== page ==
"I see Dr. Wiegand and the Board of Education already striving in these areas — it is my desire to accelerate that which is in motion by continuing to seek out relationships with a wide variety of stakeholders, listen to all types of critique, comments and suggestions, and integrating into the board's current efforts to build bridges with the community."

Why do you think you're the person for the job?

"Since launching my blog in 2008, I have slowly established not only trust and a reputation of listening and conversing with visitors, but have also provided a medium in which the community can interact with the board in a very public, courteous and open manner," Schultz said. "Yet my efforts on the Internet are only a facet of how I engage others in communication; I also co-host weekly open meetings and seek out conversations with teachers, PTA members, administrators, board members, parents and residents. When I see a challenge opportunity within the school district (like the Kindergarten School Assignment Process), I pour my energy into finding the facts, learning what the involved parties desire and persistently making humble suggestions and offering my help in any way I can. I listen actively and with a sincere, earnest goal to understand. I collaborate with others and because of my transparency, am a known quantity. I am driven by the observation that sound, healthy relationships, as messy and as difficult as they can be, are one of the key elements of a thriving community.

"I have been involved in school district issues since 2006, four years before my daughter started kindergarten. My passion to uplift and bolster education as the centerpiece of our society has only grown stronger; I am in this for the long haul."

Alissia Young

Age: 44

What made you apply for the open school board seat? "There were several things that made me apply for the school board seat. For instance, I am a Champaign native, I attended Champaign schools myself through the beginning of sixth grade and my three children are all graduates of Central High School. I currently serve as the youth director at my church and feel that I have a vested interest in the well-being of our youth and families in the community. ...

"I was moved to apply because I am a firm believer that nothing gets done by simply sitting by the wayside and looking at issues in the community, one must be an active participant in the solution."

Why do you think you're the person for the job?

"I think I am the person for the job because I believe in our community, children and staff," Young said. "I believe that I have the resources to help make things better in our schools and would focus on achieving equality in our educational system, making our children and staff feel safe while at school and would work at building a network and support system for our children and families in the community.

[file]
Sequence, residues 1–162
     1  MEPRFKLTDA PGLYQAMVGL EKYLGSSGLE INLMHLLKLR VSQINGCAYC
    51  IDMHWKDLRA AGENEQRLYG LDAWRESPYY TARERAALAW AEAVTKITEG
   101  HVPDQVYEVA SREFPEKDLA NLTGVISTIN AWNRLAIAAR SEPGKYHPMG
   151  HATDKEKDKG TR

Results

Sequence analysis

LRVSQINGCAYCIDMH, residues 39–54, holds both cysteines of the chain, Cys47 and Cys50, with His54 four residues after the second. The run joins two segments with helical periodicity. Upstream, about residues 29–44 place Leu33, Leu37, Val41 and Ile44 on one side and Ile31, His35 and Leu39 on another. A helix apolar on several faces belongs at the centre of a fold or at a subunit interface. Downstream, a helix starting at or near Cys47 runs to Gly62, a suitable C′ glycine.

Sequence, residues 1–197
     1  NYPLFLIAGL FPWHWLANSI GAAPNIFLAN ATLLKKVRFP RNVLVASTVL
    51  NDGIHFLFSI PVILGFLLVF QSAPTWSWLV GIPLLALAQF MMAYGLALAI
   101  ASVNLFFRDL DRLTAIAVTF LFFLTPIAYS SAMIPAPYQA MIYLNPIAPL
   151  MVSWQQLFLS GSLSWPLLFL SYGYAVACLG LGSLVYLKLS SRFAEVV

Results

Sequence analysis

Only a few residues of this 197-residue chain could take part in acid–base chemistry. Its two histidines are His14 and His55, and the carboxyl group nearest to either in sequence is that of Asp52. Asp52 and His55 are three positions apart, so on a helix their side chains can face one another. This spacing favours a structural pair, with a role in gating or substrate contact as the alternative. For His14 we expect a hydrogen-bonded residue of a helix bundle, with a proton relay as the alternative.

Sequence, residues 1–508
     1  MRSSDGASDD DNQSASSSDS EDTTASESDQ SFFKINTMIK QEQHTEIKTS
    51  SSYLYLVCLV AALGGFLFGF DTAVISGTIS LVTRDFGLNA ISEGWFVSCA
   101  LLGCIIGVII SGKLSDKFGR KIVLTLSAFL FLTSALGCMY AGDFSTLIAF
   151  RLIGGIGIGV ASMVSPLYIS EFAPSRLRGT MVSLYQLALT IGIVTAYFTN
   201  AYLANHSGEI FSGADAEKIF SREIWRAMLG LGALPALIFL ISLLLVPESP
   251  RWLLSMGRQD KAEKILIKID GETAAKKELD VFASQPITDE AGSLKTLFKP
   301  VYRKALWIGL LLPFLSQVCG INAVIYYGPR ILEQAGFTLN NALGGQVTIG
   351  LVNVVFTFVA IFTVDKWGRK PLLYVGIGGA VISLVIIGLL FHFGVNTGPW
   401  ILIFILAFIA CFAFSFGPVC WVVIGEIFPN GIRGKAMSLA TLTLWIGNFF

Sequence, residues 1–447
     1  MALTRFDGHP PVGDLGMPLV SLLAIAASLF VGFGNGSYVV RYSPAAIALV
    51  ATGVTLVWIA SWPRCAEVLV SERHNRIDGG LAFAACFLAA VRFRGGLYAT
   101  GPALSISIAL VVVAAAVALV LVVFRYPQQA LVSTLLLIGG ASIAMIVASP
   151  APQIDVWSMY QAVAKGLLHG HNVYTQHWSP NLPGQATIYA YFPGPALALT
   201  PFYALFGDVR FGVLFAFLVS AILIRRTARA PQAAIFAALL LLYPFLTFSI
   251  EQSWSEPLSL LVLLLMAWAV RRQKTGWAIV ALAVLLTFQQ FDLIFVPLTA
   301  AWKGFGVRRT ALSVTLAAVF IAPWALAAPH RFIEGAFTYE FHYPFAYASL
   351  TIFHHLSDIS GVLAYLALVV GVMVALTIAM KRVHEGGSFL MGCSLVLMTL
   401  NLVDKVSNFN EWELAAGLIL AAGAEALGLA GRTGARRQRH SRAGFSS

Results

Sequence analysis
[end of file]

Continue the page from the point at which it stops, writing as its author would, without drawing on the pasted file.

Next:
"For example, we know that statistically crimes are perpetrated by youth during off hours from school, it is my belief that if we can provide children and families with affordable resources and worthwhile programming after school, this would help curb some of the negative activity that youth engage in. Also, we realize that our community has made great strides in trying to combat this issue, however, there is always room for more and I think that this would be a perfect opportunity for the Champaign Board of Education to show our support and help wrap services around the youth and families in this community."

Comments

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sacrophyte wrote on April 14, 2012 at 9:04 am

Meg, thanks for compling these vignettes to help us all get to know these energetic and concerned community members; it is really exciting to see people wanting to make a positive impact for their school district. We could almost use our own Parent Advisory Council with so many involved parents. :)

 

-- charles schultz

ajbuckle wrote on April 14, 2012 at 9:04 pm

No mention of improving academics?

 

For a district that is currently in the lowest tier in academics, I find this to be troubling.

 

Are we accepting failure now?

sacrophyte wrote on April 15, 2012 at 7:04 am

AJ,

 

I certainly agree that improving academics is worthy of our attention, and in fact I think (I could be wrong) that Dr. Wiegand has academics squarley in the cross-hairs when she talks about the initiaitves with Literacy and Common Core (two completely different things).

 

May I ask what you were looking for specifically? In regards to the "lowest tier", are you referring to AYP or something else?